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Polygyny, maternal HIV status and child survival: Rakai, Uganda

Author

Listed:
  • Brahmbhatt, Heena
  • Bishai, David
  • Wabwire-Mangen, Fred
  • Kigozi, Godfrey
  • Wawer, Maria
  • Gray, Ronald H.

Abstract

The objective of this research was to assess the association of child mortality with polygyny and maternal HIV status through a prospective community-based study in Rakai district, Uganda. We sought to test whether there was an indirect evidence that polygynous households in an HIV prevalent area may divert resources away from the children of HIV-infected mothers in favor of children with better survival prospects. We test this theory using data from a follow-up study which collected detailed behavioral and medical information at 10-month intervals on a cohort of over 4000 pregnant women and their infants (5300 person years of observation). Cox proportional hazards models estimated the mortality hazard (RR) associated with polygyny for children of HIV-negative and HIV-positive mothers. HIV prevalence in the full cohort of mothers was 11.9%, and 23% of mothers lived in polygynous households. Multivariate analysis showed an increased hazard of child mortality if the mother was HIV-positive (RR=1.75, p

Suggested Citation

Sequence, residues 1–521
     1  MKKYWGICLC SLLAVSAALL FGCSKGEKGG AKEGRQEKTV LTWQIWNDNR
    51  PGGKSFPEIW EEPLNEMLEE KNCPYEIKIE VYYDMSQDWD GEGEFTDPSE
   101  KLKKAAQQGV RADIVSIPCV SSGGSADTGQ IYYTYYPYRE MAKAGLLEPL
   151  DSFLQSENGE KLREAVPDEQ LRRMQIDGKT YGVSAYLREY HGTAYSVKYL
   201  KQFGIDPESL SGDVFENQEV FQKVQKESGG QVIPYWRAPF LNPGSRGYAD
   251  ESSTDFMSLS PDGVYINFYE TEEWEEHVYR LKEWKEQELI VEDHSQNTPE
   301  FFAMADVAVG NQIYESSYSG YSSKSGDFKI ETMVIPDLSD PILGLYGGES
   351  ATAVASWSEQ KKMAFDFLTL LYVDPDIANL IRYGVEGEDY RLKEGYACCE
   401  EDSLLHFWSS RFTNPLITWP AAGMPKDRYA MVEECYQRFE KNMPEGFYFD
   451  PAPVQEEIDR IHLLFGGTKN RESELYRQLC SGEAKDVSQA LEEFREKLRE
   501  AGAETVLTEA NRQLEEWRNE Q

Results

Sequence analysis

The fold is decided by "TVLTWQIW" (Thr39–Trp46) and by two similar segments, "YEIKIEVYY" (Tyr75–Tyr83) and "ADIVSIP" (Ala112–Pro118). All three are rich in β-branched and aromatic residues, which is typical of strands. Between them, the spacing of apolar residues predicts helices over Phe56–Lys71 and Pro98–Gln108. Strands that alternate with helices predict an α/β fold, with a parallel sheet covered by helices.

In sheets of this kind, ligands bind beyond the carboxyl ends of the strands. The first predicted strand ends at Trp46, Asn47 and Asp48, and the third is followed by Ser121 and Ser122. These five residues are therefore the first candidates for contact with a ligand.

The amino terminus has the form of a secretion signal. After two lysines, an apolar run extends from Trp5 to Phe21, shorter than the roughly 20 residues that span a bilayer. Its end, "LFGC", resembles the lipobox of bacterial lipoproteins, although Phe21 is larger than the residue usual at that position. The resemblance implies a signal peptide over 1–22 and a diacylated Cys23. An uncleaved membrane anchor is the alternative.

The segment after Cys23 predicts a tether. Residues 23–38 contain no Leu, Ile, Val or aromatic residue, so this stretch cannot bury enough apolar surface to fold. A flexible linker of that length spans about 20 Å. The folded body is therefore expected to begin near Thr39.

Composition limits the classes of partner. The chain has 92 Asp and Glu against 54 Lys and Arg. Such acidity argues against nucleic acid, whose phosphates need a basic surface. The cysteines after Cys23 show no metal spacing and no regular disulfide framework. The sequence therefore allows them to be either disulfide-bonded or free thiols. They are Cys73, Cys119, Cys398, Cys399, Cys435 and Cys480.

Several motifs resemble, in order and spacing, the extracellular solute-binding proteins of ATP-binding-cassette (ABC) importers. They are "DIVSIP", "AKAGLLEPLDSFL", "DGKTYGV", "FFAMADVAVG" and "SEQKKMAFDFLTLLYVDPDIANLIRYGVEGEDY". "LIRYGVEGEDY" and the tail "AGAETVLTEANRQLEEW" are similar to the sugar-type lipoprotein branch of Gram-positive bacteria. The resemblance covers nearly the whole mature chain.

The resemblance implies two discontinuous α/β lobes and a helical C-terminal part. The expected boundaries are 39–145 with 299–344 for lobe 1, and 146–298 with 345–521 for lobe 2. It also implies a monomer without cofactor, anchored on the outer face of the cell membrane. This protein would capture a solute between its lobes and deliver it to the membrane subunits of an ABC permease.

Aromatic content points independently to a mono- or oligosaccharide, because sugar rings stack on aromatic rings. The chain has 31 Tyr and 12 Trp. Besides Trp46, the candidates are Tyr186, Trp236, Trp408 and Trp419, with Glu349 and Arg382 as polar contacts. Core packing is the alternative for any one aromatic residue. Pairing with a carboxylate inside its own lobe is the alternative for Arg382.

• Brahmbhatt, Heena & Bishai, David & Wabwire-Mangen, Fred & Kigozi, Godfrey & Wawer, Maria & Gray, Ronald H., 2002. "Polygyny, maternal HIV status and child survival: Rakai, Uganda," Social Science & Medicine, Elsevier, vol. 55(4), pages 585-592, August.
  • Handle: RePEc:eee:socmed:v:55:y:2002:i:4:p:585-592
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    References listed on IDEAS

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    1. Miller, Douglas L. & Paxson, Christina, 2006. "Relative income, race, and mortality," Journal of Health Economics, Elsevier, vol. 25(5), pages 979-1003, September.
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    Cited by:

    1. Fenske, James, 2015. "African polygamy: Past and present," Journal of Development Economics, Elsevier, pages 58-73.
    2. Lépine, Aurélia & Strobl, Eric, 2013. "The Effect of Women’s Bargaining Power on Child Nutrition in Rural Senegal," World Development, Elsevier, vol. 45(C), pages 17-30.
    3. Fenske, James, 2015. "African polygamy: Past and present," Journal of Development Economics, Elsevier, vol. 117(C), pages 58-73.

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